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Upgrading your insulation: Is net zero energy use possible?

Jeffrey Anderson | Improvement Center Columnist | March 7, 2014

Imagine never having to figure electricity or heating costs into your household budget again. Even better, how about living in a home that helps make the earth a better place? A net zero energy house is defined as a structure that gathers energy from the sun, wind, or earth to meet or exceed its own net demand. And the first step toward achieving this goal might be upgrading your home's insulation.

Net zero energy and your home's outer envelope

The typical home uses energy for heating and cooling, powering appliances and entertainment devices, and everyday tasks such as cooking and bathing. And according to the government's Energy Star website, about half of all that energy used by the average house is in the area of heating and cooling. Having an efficient HVAC system can increase energy efficiency, but to achieve peak performance, the conditioned air must be maintained at the desired temperature. This is why your home's outer envelope is so important.

The outer envelope of your home keeps warm air inside during the colder months and outside during the summer when temperatures can climb. The outer envelope of a typical house consists of:

  • The attic and roof system
  • Exterior walls on every level including windows and doors
  • The basement or crawl space

Each of these assemblies that make up the envelope is assigned an R-value that expresses its ability to prevent the transfer of heat. The total R-value of each assembly is arrived at by adding the R-value of each component used to create the system.

A typical exterior wall R-value may consist of the exterior siding, intermediate sheathing, insulation, and interior wall finish such as Sheetrock. Energy Star estimates that upgrading your home's outer envelope to their recommendations may be able to lower utility costs by as much as ten percent. And lower utility costs translate to less energy usage - the first step in becoming a net zero energy house.

R-value and the various types of residential insulation

So how do you go about using insulation to start your journey toward a net zero energy home? By understanding the various types, where they're normally used, and the protection they can provide. Here are a few of the most common types of residential insulation:

  • Fiberglass batts - Batt insulation is normally installed in exterior walls, around the perimeter of crawl spaces and basements, and between trusses or rafters in roof systems. It can also be placed between the floor joists in basements and crawl spaces. In most cases, the R-value batt insulation provides is determined by its thickness. The thicker the fiberglass, the higher the R-value. Many homes have 3.5 inch thick batts in their exterior walls that have an R-value of 13.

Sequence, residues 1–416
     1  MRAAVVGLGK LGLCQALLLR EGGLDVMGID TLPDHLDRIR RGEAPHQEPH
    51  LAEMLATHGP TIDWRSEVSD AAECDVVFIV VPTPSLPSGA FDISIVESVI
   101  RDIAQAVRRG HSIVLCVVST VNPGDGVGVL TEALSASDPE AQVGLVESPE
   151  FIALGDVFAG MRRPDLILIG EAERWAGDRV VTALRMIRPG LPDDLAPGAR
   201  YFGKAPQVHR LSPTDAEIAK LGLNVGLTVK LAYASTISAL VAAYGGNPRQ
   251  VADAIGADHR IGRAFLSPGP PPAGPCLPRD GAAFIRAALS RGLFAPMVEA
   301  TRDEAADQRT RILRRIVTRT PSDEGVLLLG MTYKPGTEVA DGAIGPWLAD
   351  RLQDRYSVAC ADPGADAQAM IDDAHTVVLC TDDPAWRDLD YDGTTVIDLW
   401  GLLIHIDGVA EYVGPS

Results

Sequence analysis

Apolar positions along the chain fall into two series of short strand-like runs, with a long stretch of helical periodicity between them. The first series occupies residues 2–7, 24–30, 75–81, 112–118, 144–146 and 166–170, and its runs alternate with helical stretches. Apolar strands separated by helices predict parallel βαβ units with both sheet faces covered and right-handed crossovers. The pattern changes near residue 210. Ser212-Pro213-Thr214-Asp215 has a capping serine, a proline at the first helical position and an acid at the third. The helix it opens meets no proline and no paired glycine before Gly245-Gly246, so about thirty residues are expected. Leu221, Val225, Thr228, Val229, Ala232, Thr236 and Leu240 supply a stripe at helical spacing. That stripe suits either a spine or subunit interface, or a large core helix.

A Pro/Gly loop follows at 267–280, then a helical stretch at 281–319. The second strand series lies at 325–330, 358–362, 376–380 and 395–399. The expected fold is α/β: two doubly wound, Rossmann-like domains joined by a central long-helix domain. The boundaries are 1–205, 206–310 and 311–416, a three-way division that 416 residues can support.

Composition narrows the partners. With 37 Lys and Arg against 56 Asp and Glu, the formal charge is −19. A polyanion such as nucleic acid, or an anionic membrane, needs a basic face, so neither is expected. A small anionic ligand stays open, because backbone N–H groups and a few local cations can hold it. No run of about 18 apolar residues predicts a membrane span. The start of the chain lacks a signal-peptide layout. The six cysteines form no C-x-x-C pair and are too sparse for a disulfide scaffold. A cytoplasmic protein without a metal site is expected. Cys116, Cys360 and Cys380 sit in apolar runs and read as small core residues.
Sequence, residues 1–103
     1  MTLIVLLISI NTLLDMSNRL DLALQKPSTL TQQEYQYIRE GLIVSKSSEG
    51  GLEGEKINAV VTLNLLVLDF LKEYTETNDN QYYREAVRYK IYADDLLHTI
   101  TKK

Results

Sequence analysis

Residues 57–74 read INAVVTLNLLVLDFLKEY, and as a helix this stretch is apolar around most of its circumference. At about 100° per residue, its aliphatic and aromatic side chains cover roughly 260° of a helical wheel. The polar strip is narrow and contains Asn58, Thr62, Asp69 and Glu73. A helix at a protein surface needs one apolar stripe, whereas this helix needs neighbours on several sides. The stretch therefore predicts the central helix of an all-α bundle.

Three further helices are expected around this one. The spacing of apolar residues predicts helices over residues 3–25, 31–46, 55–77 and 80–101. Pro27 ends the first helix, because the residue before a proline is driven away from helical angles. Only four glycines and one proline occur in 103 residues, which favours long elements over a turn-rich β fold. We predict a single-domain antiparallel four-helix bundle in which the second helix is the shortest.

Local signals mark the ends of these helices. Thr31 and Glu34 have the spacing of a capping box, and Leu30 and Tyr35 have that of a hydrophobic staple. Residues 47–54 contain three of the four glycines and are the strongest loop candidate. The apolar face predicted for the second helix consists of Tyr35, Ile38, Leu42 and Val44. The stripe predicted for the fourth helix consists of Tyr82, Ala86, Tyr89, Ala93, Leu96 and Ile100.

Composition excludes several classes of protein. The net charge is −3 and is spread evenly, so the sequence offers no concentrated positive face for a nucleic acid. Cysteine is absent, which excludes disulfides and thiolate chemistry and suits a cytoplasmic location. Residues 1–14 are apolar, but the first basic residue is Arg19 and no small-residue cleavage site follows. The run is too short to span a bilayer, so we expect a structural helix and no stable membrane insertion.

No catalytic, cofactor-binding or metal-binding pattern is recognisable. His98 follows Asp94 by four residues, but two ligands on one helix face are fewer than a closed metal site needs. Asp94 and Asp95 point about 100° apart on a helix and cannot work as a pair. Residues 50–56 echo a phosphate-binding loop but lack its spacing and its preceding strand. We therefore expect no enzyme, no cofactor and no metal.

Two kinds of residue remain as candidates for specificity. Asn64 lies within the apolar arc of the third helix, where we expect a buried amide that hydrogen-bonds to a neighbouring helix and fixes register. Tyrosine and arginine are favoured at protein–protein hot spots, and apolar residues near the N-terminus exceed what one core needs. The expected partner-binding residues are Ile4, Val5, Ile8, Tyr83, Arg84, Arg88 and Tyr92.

• Blown-in insulation - The name says it all with this type of insulation - it's a loose fill material normally blown into place. Blown-in is used most in unfinished attics, but it can also be used to upgrade the R-value of exterior walls. Blown-in insulation is one of the easiest ways to beef-up the protection your attic assembly provides your home. The R-value provided by blown-in materials is normally determined by its depth.
  • Spray foam insulation - There are many different types of spray foam insulation that can be used to make your home more energy efficient. One thing they all have in common is that all are in a semi-liquid state during application, then harden during the drying process. Some spray foams can harden enough to increase the structural integrity of the home. Foam insulation can be used in just about any part of a house including exterior walls, finished or unfinished attics, and basements or crawl spaces. Small cans of the material, available at most home improvement stores, are ideal for closing up gaps around windows and exterior doors. The R-value of spray foam can vary depending on its composition and the depth of the application.

If you have an exterior siding project planned in the future, adding insulation boards or installing insulated siding are other ways to increase the energy efficiency of your home.

Insulation: Is it enough to achieve a net zero energy home?

While upgrading your home's insulation can be a great first step, it usually must be combined with a few other improvements to achieve the goal of a net zero energy home. However, Matt Grocoff's old house, considered the oldest net zero energy home in the country, is proof that the goal is possible regardless of your home's age or style. A few other improvements to consider:

  • Cool roofing materials
  • Solar panels
  • Low flow shower heads and toilets
  • Purchase Energy Star rated appliances
  • Consider a wind turbine
  • Get an energy audit

It may take a while before you produce more energy than you demand, but if every improvement you make in your home reduces the amount of energy you use, you'll be well on your way.

About the Author

Jeffrey Anderson has a Degree in English from V.M.I., and served as an officer in the Marine Corps. He worked in Residential and Commercial construction management for 25 years before retiring to write full time. He spends his time writing, remodeling his old farmhouse, and in animal rescue.

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